As you may be aware, trees mitigate carbon dioxide, a major greenhouse gas. As such, tree planting has gained popularity as a form of carbon offset, with some cities and states providing incentives to plant trees as an offset activity.
This 2015 study of the Twin Cities suggests that trees can help, but that they also offset a minor amount of carbon emissions. In other words: Trees help, but as a policy tree planting must be accompanied by aggressive tactics to reduce the emissions to be offset.
Researchers calculated the amount of carbon generated in Ramsey County and Dakota County, and then calculated the amount of carbon absorbed by all trees in those counties. They found that trees offset just 1% of these counties’ carbon emissions. They also noted hotspots – shown in red on the map – where the amount of carbon generated was high and the number of trees was low. The land area represented in the study is roughly 331 square miles, with a population (in 2015) of more than 350,000 people. Researchers calculated carbon emissions per census block — land areas with populations of at least 2,500 people that are used by the US Census.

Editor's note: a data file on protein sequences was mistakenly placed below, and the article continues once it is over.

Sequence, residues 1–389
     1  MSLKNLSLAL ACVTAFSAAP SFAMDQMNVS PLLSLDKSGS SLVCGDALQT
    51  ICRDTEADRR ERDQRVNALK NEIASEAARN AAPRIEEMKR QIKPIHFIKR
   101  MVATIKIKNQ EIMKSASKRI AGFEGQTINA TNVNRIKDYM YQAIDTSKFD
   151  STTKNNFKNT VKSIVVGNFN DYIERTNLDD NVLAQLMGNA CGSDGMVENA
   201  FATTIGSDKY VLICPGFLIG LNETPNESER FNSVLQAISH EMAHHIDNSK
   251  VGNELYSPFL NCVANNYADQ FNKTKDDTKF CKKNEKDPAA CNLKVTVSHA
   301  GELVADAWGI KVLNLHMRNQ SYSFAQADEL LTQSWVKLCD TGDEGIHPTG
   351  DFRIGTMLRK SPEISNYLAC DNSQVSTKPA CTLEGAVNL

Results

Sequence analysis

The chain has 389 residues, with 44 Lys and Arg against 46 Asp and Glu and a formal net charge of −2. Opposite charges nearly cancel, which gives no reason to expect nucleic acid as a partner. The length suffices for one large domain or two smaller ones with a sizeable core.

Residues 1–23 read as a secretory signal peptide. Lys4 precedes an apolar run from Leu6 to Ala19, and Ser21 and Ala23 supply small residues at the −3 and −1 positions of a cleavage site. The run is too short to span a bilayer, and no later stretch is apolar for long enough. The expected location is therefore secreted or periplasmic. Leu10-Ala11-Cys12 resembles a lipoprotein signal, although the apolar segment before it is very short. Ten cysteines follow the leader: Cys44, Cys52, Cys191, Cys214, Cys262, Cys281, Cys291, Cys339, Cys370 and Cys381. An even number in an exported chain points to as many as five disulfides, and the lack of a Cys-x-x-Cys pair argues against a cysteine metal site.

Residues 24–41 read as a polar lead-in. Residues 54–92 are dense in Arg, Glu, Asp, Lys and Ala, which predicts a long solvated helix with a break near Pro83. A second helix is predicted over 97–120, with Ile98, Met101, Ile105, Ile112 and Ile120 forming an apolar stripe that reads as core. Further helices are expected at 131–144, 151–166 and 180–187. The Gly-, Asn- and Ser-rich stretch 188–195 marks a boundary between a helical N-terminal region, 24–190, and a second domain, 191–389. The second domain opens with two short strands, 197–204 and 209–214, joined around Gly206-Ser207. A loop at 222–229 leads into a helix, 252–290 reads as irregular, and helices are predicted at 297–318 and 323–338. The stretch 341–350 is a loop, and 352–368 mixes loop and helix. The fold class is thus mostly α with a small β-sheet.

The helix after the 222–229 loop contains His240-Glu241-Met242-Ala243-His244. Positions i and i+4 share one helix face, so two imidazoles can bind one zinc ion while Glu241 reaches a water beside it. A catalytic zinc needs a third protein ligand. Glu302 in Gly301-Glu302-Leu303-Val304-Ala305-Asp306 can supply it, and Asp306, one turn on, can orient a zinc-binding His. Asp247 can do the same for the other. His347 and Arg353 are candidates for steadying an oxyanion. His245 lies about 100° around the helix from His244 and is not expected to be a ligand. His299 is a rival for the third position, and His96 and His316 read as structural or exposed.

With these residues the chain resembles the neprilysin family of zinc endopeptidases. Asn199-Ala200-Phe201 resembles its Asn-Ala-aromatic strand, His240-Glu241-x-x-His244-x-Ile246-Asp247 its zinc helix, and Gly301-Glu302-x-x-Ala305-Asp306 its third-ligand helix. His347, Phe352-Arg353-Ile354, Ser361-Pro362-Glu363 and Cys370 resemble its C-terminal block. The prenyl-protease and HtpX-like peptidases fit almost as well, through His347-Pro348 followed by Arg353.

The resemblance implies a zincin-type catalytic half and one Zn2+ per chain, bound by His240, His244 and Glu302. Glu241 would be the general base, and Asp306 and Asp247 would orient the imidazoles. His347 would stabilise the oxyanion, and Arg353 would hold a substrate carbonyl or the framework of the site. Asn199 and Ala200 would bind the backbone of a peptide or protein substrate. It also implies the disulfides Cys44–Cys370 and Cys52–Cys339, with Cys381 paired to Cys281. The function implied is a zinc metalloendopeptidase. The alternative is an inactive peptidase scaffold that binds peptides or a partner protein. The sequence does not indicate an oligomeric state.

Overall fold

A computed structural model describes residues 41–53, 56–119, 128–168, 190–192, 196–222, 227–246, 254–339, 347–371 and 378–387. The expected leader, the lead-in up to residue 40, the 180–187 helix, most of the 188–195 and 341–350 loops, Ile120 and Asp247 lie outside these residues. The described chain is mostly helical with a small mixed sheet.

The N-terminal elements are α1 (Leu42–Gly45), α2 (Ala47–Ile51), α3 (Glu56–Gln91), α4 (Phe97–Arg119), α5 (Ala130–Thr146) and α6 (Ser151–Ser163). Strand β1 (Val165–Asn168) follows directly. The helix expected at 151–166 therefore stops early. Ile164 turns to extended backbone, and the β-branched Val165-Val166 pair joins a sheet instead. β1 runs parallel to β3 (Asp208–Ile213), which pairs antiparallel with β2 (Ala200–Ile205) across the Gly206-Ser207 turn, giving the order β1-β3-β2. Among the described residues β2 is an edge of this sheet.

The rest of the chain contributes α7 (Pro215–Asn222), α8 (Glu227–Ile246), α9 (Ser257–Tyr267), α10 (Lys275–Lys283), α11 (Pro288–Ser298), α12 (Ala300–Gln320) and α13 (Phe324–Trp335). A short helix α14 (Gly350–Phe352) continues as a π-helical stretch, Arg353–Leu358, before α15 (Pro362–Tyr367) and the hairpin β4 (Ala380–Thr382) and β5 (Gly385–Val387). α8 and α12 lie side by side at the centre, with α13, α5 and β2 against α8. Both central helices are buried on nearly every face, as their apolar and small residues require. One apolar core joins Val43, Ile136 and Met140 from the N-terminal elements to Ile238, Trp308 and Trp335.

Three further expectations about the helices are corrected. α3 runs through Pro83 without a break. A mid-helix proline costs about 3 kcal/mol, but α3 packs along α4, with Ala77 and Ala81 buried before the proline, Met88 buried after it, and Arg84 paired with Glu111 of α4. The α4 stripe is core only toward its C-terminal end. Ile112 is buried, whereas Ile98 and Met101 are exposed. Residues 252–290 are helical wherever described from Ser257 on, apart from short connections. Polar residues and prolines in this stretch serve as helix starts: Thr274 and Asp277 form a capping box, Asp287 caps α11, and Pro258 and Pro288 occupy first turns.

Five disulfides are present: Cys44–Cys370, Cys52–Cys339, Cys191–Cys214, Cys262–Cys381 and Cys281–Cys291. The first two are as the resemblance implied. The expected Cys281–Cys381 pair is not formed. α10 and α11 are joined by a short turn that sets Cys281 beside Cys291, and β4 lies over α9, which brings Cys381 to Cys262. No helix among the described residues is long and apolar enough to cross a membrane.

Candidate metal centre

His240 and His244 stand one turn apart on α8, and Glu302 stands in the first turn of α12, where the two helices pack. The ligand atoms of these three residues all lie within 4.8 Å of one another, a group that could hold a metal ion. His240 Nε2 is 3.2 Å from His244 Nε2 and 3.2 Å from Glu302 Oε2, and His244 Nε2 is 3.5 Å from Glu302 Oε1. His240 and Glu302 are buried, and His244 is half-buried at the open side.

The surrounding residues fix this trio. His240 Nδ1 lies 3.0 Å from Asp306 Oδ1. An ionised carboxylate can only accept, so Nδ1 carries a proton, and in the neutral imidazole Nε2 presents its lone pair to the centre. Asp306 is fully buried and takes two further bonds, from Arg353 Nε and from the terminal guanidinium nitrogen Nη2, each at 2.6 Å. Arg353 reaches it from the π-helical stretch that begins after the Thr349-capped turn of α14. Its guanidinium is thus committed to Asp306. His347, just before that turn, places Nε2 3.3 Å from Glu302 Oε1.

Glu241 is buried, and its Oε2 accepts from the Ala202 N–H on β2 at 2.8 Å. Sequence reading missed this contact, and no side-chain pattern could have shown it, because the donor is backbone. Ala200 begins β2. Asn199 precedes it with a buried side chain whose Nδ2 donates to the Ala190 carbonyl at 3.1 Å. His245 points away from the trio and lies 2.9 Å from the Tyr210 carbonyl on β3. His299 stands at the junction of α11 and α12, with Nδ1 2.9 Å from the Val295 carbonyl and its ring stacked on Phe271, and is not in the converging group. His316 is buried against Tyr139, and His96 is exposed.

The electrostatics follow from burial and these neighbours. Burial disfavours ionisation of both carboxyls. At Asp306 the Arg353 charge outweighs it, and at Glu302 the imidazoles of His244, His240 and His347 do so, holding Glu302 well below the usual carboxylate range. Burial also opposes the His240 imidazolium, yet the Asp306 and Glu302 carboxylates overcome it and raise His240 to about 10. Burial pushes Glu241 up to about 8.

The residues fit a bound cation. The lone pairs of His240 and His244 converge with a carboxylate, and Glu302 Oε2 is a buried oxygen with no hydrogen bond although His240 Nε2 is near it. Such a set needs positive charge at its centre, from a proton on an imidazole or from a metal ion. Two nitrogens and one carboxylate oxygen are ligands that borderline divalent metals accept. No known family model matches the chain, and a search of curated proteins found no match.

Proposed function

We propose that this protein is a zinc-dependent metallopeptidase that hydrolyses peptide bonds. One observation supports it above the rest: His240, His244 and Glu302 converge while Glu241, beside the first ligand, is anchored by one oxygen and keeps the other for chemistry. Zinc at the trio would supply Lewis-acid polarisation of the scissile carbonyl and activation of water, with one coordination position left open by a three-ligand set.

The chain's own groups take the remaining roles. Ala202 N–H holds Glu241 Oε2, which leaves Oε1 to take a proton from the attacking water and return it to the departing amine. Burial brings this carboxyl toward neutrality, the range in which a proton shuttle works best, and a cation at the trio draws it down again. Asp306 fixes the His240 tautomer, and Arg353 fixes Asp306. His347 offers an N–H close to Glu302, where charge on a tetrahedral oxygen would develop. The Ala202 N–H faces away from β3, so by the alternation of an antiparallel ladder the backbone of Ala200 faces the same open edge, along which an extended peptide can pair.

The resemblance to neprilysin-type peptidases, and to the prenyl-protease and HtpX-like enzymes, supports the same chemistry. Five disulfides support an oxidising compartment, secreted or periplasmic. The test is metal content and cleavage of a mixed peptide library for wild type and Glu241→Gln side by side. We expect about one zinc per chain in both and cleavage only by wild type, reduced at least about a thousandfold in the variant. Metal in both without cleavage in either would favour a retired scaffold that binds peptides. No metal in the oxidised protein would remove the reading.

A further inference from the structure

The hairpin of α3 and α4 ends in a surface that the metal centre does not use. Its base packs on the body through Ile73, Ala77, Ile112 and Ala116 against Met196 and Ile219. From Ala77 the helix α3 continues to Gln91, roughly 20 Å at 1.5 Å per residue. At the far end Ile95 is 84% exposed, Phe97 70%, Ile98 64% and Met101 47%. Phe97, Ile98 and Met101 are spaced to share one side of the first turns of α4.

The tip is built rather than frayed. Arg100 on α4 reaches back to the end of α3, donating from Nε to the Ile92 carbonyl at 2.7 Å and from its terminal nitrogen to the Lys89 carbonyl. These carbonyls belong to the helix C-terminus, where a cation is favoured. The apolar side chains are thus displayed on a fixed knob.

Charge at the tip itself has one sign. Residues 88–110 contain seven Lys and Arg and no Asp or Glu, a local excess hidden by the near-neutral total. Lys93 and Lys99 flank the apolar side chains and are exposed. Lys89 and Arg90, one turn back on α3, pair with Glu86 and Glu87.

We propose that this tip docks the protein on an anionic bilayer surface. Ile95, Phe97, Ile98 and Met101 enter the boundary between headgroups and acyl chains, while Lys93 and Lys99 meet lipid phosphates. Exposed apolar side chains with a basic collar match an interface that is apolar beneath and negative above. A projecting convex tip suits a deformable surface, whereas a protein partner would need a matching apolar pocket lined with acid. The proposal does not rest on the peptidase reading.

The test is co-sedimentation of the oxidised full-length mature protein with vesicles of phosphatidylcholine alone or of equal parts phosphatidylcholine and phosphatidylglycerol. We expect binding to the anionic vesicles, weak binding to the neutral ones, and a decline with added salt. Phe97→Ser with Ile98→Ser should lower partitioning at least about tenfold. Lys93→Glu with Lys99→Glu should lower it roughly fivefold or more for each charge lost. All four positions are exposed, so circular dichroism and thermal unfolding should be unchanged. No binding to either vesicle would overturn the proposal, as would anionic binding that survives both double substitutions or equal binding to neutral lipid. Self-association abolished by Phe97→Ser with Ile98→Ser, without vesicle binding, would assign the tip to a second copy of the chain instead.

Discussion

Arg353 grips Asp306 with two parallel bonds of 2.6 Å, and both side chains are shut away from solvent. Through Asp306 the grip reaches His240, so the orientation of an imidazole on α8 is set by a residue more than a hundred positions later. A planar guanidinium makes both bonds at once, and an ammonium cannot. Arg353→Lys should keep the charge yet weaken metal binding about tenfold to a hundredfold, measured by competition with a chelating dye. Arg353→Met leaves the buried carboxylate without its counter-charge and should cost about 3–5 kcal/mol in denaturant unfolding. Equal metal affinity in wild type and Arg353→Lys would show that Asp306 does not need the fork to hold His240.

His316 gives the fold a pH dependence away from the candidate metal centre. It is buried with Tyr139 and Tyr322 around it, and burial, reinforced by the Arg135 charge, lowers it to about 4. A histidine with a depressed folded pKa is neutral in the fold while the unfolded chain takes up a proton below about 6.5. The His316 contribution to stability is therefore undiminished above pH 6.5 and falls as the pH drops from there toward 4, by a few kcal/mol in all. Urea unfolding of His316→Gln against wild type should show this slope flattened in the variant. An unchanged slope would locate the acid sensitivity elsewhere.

While researchers found that trees were inadequate to the emissions produced, they do emphasize that trees are still beneficial as part of an overall climate approach, as well as lovely, scenic, shade-giving and positive for the environment.
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